p &\le & \frac{1}{2^n} \sum_x \left \| P_x \sum_{i =1}^d \alpha_{x,i} \ket{\phi_i} \right \|^2,\\
p &\le & \frac{1}{2^n} \sum_x \sum_{i =1}^d | \alpha_{x,i}|^2 {\left \| P_x \ket{\phi_i} \right \|^2}, \\
p &\le & \frac{1}{2^n} \sum_{i =1}^d \underbrace{{\left \| \sum_x \alpha_{x,i} P_x \ket{\phi_i} \right \|^2}}_{\le1}.
\end{eqnarray}
The last equation is true as
\begin{equation}
{\left \| P_x \ket{\phi_i} \right \|^2} = |\textrm{length of the projection of $\phi_i$}|^2 \le {\left \| \ket{\phi_i} \right \|^2} = 1.
\end{equation}
Thus
\begin{equation}
p \le \frac{d}{2^n} \le 2^{m_{AB} - n},
\end{equation}
which leads to
\begin{equation}
m_{AB} \ge n - \log \left( \frac{1}{p} \right).
\end{equation}
\end{proof}
\section{Holevo's Theorem}
The previous proof can be generalized into a more powerful theorem, but first let us review some information theory terminology.
Given some random variable $X$ with range $R$, we define its classical entropy $H$ to be
\begin{equation}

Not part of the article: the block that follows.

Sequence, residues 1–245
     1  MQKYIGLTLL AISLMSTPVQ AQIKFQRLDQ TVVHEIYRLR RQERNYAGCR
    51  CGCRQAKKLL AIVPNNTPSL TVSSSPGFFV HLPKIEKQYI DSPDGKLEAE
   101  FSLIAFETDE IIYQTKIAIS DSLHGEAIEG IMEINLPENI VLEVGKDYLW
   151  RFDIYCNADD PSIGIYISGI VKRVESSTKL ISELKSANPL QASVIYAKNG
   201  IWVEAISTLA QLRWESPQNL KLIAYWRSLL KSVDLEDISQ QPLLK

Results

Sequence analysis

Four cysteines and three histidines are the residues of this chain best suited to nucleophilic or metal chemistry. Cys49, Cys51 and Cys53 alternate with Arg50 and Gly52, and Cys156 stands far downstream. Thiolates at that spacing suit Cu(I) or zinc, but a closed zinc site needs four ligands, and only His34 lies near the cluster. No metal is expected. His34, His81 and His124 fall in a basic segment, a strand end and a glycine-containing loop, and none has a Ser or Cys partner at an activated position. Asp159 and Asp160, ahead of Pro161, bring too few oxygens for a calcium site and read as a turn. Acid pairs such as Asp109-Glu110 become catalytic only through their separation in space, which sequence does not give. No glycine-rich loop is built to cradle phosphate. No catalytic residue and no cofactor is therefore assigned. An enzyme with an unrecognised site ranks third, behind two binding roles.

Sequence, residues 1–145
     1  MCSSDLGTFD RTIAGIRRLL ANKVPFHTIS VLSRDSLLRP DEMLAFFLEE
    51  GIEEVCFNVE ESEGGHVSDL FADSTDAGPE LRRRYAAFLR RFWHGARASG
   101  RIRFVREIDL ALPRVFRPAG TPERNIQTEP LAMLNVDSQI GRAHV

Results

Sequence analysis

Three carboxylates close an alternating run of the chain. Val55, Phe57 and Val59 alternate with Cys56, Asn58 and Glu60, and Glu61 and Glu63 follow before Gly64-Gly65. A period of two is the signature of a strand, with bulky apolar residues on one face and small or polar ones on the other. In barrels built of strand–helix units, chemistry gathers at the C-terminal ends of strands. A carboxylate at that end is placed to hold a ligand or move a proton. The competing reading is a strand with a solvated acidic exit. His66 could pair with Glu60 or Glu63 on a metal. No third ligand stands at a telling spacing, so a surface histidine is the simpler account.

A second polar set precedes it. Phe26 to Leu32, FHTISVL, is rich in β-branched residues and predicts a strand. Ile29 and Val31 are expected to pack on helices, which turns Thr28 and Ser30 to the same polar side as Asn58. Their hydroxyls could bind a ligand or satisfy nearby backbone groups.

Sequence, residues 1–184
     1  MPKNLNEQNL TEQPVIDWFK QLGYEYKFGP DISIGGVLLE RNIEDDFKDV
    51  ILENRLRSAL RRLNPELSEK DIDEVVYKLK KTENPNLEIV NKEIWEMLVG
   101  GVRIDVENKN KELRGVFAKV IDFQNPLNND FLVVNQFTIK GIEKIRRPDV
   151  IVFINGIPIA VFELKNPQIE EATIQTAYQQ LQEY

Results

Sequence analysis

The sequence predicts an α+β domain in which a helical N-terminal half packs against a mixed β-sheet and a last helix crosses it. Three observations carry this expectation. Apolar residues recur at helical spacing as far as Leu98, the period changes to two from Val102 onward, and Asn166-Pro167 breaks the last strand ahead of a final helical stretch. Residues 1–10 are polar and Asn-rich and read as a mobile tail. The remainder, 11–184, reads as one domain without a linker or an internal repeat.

H(X) \equiv \sum_{x \in R} p_x \log \left( \frac{1}{p_x} \right) \textrm{ where } p_x = \Pr[X =x].
\end{equation}
$H$ has the property that
\begin{equation}
0 \le H(X) \le \log|R|
\end{equation}
where $H(X)= \log|R| $ if $X$ is the uniform distribution and $H(X)= 0 $ if $X$ is completely deterministic.
For a mixed state $\ket{\psi}$ with density operator $\rho$, we define the Von Neumann entropy to be
\begin{equation}
S(\rho) \equiv H(\textrm{Probability distribution induced by the eigenvalues of $\rho$}).
\end{equation}
Finally, we define the mutual information of random variables $X$ and $Y$ to be
\begin{equation}
I(X,Y) = H(X) + H(Y) - H(X,Y).
\end{equation}
Informally, the mutual information says how much information $X$ gives about $Y$, and vise versa.
We can now state Holevo's Theorem,
\begin{theorem}
Suppose Alice has a random variable x and sends $\rho_x$ over the channel. Bob receives $\rho_x$ and applies some operations on it to obtain $y$. Then $I(X,Y) \le S(\rho) - \sum_x \rho_xS{\rho_x}$ where $\rho = \sum p_x \rho_x$.
\end{theorem}
Let's consider the example where $X$ is uniform over $\{0,1 \}^n$ and we want zero error in our channel. Note that zero error is equivalent to $x=y$ in Holevo's Theorem.
In this example, we can see that $I(X,Y) = \log{2^n} = n$, and $S(\rho) =m_{AB}$. Putting these into Holevo's Theorem gives
\begin{equation}
n \le m_{AB} - \sum_{\rho_x}S{\rho_x} \le m_{AB}.
\end{equation}
Thus, classically, Bob cannot learn more bits of information than the number of qubits Alice transmits.
Next lecture, we will expend on quantum communication protocols where Alice and Bob want to jointly compute a boolean function rather than just transmit a string.
\end{document}